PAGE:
With Grim Projections In Revised State Budget, Local School Officials Call For Federal Help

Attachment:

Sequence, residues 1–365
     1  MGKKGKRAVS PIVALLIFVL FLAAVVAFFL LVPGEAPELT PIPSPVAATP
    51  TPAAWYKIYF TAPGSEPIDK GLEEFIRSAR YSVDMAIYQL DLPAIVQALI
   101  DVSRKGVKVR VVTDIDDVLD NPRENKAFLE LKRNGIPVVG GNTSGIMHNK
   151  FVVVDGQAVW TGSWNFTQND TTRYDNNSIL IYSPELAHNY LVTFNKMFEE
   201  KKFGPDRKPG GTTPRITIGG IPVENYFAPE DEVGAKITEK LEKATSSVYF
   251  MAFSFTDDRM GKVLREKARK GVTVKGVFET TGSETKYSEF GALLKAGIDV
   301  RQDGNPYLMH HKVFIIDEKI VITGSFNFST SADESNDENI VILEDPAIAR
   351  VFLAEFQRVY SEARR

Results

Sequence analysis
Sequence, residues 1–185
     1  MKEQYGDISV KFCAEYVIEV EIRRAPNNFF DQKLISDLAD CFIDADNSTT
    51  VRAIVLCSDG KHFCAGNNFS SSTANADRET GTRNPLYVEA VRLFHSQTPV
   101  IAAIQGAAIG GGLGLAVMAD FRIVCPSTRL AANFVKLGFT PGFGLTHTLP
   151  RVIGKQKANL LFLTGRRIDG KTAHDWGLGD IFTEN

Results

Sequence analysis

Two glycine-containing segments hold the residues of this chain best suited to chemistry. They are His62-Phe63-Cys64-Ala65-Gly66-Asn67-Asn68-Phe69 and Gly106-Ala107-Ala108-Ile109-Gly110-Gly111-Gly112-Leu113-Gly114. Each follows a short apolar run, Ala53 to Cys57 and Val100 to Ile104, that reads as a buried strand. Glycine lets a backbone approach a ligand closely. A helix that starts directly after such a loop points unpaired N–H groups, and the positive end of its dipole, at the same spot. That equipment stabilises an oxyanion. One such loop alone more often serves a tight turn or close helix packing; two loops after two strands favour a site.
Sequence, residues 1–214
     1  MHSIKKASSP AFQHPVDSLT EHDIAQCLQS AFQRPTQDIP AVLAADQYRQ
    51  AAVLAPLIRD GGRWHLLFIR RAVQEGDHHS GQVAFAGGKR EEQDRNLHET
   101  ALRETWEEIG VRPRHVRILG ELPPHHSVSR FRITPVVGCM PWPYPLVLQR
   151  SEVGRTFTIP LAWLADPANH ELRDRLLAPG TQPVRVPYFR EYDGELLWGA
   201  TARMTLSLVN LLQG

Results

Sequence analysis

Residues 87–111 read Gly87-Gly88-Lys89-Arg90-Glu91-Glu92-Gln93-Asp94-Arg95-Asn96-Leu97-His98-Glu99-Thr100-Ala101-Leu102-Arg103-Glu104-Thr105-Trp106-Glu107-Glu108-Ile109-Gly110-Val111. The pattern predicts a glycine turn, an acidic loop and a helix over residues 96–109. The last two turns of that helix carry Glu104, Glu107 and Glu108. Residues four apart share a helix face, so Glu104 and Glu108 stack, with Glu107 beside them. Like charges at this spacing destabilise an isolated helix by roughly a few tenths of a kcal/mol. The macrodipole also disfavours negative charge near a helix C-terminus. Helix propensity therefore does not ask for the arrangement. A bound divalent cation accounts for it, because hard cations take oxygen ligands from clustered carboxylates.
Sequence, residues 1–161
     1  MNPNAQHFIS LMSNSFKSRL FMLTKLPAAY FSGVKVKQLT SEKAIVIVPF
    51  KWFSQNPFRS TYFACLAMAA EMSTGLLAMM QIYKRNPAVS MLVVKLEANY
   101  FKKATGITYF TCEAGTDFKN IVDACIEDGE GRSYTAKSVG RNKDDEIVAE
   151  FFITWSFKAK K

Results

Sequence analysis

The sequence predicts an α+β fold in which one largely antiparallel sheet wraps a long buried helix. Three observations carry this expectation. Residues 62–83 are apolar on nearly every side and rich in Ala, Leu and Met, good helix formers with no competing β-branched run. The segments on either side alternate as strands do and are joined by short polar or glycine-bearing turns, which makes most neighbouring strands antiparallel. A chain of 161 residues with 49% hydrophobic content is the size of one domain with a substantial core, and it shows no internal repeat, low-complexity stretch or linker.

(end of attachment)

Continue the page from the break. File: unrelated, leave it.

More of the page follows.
Speaker 1: 00:01 California governor Gavin Newsome is addressing a $54 billion state budget deficit as a result of the coronavirus pandemic. In unveiling his updated budget proposal last week, he said schools could face $19 billion in education cuts over the next two years. His budget also calls for a 10% reduction to the local control funding formula, which raises worrying questions about whether schools will be able to open up again safely. Joining us is Paul Gotham, who is San Diego County superintendent of schools. Paul, thanks for being with us. Speaker 2: 00:33 Thank you. My pleasure. Speaker 1: 00:34 So now this is worrying use for the average parent for a start. Who has kids who've been trying to learn from home? How could these proposed cuts affects whether and how schools open up again? Speaker 2: 00:45 Well, it's a, it's troubling news and just to put it into context, this is roughly a little less than a half a billion dollars to San Diego County. The proposed cuts that are on the table, uh, are well over $400 million and at a time where we're asked to actually invest more, uh, for, uh, the proper PPEs modified schedules. And smaller class sizes based on the current health orders. Um, it does undermine our ability to do this right, do it safely. So we are in constant communication with our legislature to, uh, do what we can between now and budget adoption to get some relief from this. Speaker 1: 01:31 Now you, you mentioned that this may revise, depends on, uh, governor Newsome's hope that there will be more money coming from the federal government. He's already relying on the federal cares act, uh, relief package to help close the budget gap. But isn't there a risk that the Republican controlled Senate is unlikely to approve the heroes act, which would give Newsome the money he needs to even meet the budget that he's proposing right now? Speaker 2: 01:55 Yeah, in, in school finance. We don't budget money. That isn't, it isn't certain. We just don't. And, um, so I know that, uh, through his, his comments, a lot of this was deferred to the feds and rightfully so. Um, we did see, uh, the, the heroes that get passed in the house as you mentioned, and, and immediately a public statement following saying, uh, from the Senate that it didn't have a chance. Obviously there's going to be a lot of negotiation that goes on between now and the near future. And, um, so while those funds would be welcome needed, they are not, uh, they're not in place right now. We can't budget for that until we know that they're absolutely real. Speaker 1: 02:33 So should teachers be preparing for furloughs and pay cuts like they did experience during the great recession? Speaker 2: 02:41 Well, I think it's safe to say that there are still too many question marks and uncertainties into this budget cycle as it stands now, remember, this is, uh, the may revise, uh, the legislature is currently at work 24, seven and budget talks with the department of finance and our state's, I know that everybody is doing the best that they can. And, um, you know, for our, from our perspective, um, you know, that's the last thing that we want to talk about particularly for, uh, you know, people who had entered this profession as young teachers, we were not having those discussions yet because we don't know what those real numbers are going to look like. There's still too many uncertainties. Uh, the governor did us, uh, you know, a lot of favors by taking some of the general fund and paying down some of the pension liabilities. Uh, there are a number of moving parts to this that we don't know how they're all going to shake down. Um, so I think it's a bit premature to, to make that statement because I think from our perspective, uh, lamps are very difficult to overcome. I know we lost 30 to 40,000 teachers and classified staff during the 2008 recession. Um, our, our school budgets were already tight to begin with. And again, this is an unprecedented crisis and we're rolling up our sleeves and doing the best we can to avoid that. Speaker 1: 03:57 And the County, you know, you uh, oversee, there's like 40 more than 40 school districts in San Diego County, so you have a sense of their financial health currently. Do you have any more serious concerns for any particular districts in San Diego County? Speaker 2: 04:11 You know, it, it ranges across the board. There are a couple of districts that have been well documented that have been struggling with finances. I just want to, you know, put, put something into perspective. In, in the, in the governor's uh, January proposal there was an increase tag of 2.31% for our schools. Obviously that's no longer a consideration, uh, based on, on the climate that we're living in right now. But we had anticipated if that, if that 2.31 increase was not going to come to fruition, that 21 of our 42 school districts would have to initiate some sort of layoff furlough or reduction in salary that half of our districts just based on that 2.29%. This is with all of our districts with the exception one meeting their financial obligations and minimum reserve limits. So this is a, uh, uh, a historic proposed cut, uh, that we just haven't seen before. And again, uh, we're doing everything we can. I know that our legislation or governor governor's offices as well to see what we can do to mitigate this. Speaker 1: 05:20 And for parents who are wondering about the uncertainty of the future, other, any certainties you can offer in terms of when the schools will decide how they're going to reopen? Speaker 2: 05:30 Yeah, so great question. You know, as a, as a father of, of two children, I don't think there's anyone who wants to go back more than my, than my wife, but I, I would tell you this, that we are doing this. Uh, all of our guidance is done in concurrence with the department of public health. Um, we want to make sure that we are, uh, doing everything, uh, that accommodates the health orders, the orders that come out from the governor's office. And we will open our doors. Way to save to do so we're planning on, uh, is, you know, when those orders are lifted, when we have, uh, some of those restrictions lifted and the number of tests and contact tracing, all those elements that need to be in place, um, to ensure that our students and our staff are safe at our schools is when we will open our doors. Speaker 2: 06:22 And so, uh, we join, we're, we're present at the emergency operation center every single day, uh, engaged in dialogue with that. I know our County health officials are in constant contact with state, uh, agencies. So as soon as we meet those criteria, we will begin to look at, uh, soft openings, uh, and we will inform our community exactly what our plans are moving forward. Uh, and it will be a little bit different based on the districts obviously are rural districts and small districts, uh, differ in it needs and scope than some of our big urbans. And so it may not look exactly the same in every district, but the one thing I can't tell you with a hundred percent certainty, it's all gonna be based on the guidance and agreement from state and, uh, County health orders. Well, Paul, thank you very much. We'll stay tuned. Thank you. I've been speaking with Paul Garfield, who is the San Diego County superintendent of schools.